Over the years, there has been increasingly growing demands of autonomous underwater vehicle (AUVs) for a wide range of applications, such as seabed mapping, deep ocean exploring, routine harbor monitoring and oil pipeline maintenance. To successfully accomplish these tasks, an efficient and accurate localization solution is required for AUVs. However, this is challenging for underwater navigation, in part because GPS signal cannot be received underwater, and acoustic beacons require tedious and costly installation before applications. Although high accuracy inertial sensors, such as DVLs and fiber optic gyroscopes, may provide good localization, the high cost limits their widespread deployments. To reduce the cost and latency of most of current underwater navigation systems, we have been working on a novel acoustic-inertial navigation system (AINS) [ICRA17]. Moreover, we have also studied underwater cooperative SLAM which is challenging due to poor acoustic communications channel [ICRA15]. In particular, we develop a pose graph compression scheme which is efficient, robust and scales well, resulting in that AUVs have to surface less often and can complete missions more efficiently.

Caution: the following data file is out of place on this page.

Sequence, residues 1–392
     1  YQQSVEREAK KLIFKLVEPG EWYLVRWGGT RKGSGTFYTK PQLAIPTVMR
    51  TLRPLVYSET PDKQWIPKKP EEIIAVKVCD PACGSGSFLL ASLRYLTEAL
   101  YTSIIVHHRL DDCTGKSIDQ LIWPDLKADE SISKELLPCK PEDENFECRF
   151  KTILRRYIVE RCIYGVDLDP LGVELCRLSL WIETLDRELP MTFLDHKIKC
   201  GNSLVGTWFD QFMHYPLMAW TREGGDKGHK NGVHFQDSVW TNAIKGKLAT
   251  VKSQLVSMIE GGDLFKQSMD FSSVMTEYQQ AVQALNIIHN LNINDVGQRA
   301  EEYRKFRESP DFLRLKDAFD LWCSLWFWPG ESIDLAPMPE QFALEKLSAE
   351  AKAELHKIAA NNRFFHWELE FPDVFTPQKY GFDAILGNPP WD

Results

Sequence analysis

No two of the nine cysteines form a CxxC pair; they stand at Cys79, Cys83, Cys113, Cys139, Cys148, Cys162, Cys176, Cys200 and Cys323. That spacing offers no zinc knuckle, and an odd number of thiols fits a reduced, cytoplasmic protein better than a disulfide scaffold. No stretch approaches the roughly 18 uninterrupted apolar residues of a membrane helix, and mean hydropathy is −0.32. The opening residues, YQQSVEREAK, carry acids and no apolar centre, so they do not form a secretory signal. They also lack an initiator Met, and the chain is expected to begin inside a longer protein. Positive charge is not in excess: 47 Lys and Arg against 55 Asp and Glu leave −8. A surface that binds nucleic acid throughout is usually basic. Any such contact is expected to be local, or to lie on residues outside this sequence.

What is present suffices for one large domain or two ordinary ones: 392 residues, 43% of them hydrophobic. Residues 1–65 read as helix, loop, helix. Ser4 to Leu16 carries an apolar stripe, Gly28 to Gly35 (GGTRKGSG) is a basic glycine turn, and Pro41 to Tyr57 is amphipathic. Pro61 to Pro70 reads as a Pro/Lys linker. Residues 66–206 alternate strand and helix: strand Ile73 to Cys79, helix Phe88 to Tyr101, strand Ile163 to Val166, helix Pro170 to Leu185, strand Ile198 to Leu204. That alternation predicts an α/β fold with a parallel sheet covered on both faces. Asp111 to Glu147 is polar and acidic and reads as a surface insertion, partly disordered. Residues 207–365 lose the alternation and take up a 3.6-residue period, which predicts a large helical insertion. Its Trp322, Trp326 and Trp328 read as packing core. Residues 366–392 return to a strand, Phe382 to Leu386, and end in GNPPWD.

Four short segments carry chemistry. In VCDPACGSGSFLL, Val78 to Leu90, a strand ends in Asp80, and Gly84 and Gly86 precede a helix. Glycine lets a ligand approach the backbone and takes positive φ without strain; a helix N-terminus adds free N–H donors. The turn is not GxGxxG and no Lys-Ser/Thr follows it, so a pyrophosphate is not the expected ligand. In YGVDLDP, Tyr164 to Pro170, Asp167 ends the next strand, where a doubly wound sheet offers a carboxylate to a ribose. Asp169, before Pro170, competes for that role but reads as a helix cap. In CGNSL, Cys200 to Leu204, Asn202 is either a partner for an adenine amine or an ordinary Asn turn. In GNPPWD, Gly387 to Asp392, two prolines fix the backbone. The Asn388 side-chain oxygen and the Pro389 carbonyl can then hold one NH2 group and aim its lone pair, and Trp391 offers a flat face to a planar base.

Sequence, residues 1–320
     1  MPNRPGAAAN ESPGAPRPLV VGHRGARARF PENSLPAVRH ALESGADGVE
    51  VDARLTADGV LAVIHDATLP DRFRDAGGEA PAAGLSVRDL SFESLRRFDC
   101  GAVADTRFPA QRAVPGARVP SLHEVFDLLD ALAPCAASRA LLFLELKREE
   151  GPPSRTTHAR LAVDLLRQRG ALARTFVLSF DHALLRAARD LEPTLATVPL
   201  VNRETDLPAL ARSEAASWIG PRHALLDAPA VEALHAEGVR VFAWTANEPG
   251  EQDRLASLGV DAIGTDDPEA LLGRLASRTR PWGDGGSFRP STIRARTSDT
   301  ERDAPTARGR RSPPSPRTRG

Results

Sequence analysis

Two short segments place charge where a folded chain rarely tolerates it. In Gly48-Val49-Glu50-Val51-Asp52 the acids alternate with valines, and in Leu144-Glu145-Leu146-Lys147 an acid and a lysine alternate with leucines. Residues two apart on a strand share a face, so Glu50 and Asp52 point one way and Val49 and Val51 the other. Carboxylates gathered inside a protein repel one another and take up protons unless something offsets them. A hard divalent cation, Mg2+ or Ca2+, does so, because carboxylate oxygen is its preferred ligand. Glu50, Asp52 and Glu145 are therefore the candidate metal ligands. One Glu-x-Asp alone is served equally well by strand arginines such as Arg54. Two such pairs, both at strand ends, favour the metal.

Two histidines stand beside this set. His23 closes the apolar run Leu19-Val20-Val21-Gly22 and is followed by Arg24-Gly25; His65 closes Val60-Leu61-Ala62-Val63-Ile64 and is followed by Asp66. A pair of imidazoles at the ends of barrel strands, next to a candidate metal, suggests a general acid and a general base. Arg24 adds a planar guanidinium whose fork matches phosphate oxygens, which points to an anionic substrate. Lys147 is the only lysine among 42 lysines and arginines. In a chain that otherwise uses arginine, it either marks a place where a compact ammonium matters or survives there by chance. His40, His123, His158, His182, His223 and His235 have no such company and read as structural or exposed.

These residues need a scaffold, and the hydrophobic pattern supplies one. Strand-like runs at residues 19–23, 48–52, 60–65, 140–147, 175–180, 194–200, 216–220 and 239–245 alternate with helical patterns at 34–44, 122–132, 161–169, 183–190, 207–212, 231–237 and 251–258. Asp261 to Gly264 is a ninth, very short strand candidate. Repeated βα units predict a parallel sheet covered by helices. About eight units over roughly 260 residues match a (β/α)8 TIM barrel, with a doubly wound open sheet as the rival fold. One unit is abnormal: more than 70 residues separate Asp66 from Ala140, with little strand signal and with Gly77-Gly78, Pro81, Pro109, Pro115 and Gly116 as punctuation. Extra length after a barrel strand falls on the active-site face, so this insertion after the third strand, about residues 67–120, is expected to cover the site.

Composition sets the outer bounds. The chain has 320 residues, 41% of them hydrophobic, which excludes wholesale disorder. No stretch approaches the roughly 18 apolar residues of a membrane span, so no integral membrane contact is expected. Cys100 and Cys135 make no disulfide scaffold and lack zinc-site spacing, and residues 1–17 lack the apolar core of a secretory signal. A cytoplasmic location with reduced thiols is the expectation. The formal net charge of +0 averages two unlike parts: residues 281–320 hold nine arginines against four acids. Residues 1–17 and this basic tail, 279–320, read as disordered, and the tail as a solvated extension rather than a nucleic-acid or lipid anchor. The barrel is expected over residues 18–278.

While autonomous driving has made great strides in recent years, fully autonomous cars are still a distant goal, primarily due to the lack of robustness. For example, current self-driving cars cannot drive on new roads, or roads that have changed substantially, or when there is a GPS or data outage such as in parking garages, urban cities and tunnels. In contrast, humans are good at all of this – we can drive without detailed maps or high precision GPS/IMU sensors, and typically require only a small amount of sparse information for guidance, and their performance typically gets better over time through learning. Thus, we are developing cognitive SLAM that can perceive, understand and make predictions about a scene in real time with measurable confidence, particularly as the scene is closer to the car. To this end, we have worked on optimally fusing multiple heterogeneous and asynchronous sensors for use in 3D mapping and localization of autonomous vehicles and designed a modular sensor-fusion system that allows for efficient and accurate incorporation of multiple navigation sensors operating at different sampling rates. We developed a general method of out-of-sequence (asynchronous) measurement alignment to incorporate heterogeneous sensors into a factor graph for mapping and localization in 3D, without requiring the addition of new graph nodes, thus allowing the graph to have an overall reduced complexity [PPNIV17, ICRA18].